Who could forget the Department of Health’s claim that three million lives were going to be saved by telehealth? Let me remind you of their press release, earlier this year, in which they claimed that it would create ‘45% reduction in mortality, 21% reduction in emergency admissions, 24% reduction in elective admissions, 15% reduction in A&E visits, and 8% reduction in tariff costs.’
You may also remember that the DH stated that industry would be ‘bringing the benefits’ of telehealth to the masses, as well as admonishing us for having only a ‘slow’ uptake of telehealth. All this on a background of trials, some of which show benefit, and some of which show harm.
It comes down to one thing – show us the evidence. Extraordinary claims demand it. So now we have the set of results from the Whole System Demonstrator Trial published last week in the British Medical Journal.
Have the results provided us with the same certainty expressed by ministers? Not a bit of it. The patients were randomised by practice, not individually; the telehealth intervention was variable, though had some common denominators; it also included educational messages.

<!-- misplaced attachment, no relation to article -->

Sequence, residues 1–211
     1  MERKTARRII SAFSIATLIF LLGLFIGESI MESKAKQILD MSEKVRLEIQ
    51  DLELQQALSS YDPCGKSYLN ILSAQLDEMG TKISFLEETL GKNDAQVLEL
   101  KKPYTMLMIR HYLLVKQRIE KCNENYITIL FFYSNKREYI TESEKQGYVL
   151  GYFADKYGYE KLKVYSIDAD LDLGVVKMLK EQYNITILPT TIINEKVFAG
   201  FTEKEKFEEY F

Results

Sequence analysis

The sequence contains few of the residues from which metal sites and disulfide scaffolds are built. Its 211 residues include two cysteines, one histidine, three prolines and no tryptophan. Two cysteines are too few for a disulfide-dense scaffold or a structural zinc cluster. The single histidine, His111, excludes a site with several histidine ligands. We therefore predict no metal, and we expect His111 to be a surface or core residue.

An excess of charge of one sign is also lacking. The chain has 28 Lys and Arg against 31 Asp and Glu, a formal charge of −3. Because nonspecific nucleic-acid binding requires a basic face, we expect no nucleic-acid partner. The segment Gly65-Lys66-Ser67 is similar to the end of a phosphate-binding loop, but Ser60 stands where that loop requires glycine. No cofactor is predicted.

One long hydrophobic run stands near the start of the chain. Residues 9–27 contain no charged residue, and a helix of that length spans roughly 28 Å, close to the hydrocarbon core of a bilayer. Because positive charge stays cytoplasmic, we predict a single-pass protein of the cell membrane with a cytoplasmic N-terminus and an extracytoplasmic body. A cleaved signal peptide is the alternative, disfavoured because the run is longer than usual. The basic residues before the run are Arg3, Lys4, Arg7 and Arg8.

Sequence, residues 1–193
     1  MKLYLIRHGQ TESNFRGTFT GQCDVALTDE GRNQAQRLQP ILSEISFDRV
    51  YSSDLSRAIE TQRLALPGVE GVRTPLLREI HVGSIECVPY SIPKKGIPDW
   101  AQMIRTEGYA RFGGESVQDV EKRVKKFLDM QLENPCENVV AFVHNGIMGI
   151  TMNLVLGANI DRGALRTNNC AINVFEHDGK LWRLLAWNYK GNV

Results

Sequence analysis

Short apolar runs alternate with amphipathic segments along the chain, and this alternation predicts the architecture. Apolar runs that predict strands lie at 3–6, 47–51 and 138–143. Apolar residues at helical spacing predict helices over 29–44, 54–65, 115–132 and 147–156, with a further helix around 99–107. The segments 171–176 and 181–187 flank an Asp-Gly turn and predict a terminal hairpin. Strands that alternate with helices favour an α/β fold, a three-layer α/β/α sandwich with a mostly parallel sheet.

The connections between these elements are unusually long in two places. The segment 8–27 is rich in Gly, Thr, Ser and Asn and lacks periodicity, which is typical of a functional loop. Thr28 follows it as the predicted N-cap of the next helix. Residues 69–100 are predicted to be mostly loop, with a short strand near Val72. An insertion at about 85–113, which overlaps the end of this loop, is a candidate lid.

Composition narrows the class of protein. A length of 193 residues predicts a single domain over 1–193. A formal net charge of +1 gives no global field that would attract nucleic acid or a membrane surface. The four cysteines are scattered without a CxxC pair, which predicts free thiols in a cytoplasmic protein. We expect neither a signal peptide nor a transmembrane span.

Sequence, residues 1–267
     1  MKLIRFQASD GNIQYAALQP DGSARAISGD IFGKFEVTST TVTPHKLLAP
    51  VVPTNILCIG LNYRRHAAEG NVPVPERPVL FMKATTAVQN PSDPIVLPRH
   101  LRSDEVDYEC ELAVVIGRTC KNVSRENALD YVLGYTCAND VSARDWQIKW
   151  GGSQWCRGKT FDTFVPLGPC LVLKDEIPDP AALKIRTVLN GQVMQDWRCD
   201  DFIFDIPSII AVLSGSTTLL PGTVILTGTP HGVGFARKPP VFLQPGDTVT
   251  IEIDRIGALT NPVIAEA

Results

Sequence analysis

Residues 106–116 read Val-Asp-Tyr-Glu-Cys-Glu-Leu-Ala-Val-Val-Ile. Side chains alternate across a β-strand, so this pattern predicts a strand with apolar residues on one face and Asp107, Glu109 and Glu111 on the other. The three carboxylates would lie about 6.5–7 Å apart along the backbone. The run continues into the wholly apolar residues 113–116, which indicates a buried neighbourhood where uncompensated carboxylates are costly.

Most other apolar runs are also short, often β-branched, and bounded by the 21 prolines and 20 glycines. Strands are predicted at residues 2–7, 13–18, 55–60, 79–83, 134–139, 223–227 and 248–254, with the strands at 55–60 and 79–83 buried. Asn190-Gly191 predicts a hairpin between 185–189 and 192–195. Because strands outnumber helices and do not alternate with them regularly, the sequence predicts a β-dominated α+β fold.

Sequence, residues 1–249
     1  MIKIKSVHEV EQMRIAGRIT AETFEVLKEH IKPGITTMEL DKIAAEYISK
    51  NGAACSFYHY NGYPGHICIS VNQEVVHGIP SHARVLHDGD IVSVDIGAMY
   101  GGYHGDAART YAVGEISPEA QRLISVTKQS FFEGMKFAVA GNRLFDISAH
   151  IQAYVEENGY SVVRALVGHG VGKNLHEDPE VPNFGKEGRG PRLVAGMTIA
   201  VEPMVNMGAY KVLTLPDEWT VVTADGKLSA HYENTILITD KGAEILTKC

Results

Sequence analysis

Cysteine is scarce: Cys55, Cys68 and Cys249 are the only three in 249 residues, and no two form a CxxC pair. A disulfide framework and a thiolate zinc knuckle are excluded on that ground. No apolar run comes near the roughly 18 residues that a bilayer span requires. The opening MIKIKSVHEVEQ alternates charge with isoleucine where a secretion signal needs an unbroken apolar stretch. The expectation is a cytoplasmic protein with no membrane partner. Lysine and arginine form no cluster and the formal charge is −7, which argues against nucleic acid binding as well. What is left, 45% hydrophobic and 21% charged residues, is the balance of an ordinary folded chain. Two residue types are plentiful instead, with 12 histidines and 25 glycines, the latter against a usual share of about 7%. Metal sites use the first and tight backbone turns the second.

So what was actually being tested – and was it very different from the cheap and widely used telephone? I’m not clear that this was a clear test of telehealth, but of a variety of interventions.
So what are we to make of the mortality rate of 8% in the control group, and 5% in the intervention group? There was an initial rise in admissions in the intervention group followed by a statistically significant fall; 48% of the control group, versus 43% in the intervention group, had been admitted to hospital over the course of a year.
The study failed to demonstrate that telehealth could reduce costs to secondary care; or reduce A&E or elective admissions as the DH claimed.
We need to ask more questions about if or how telehealth could be used; we also need to know where the DH is getting it’s data from.
Dr Margaret McCartney is a GP in Glasgow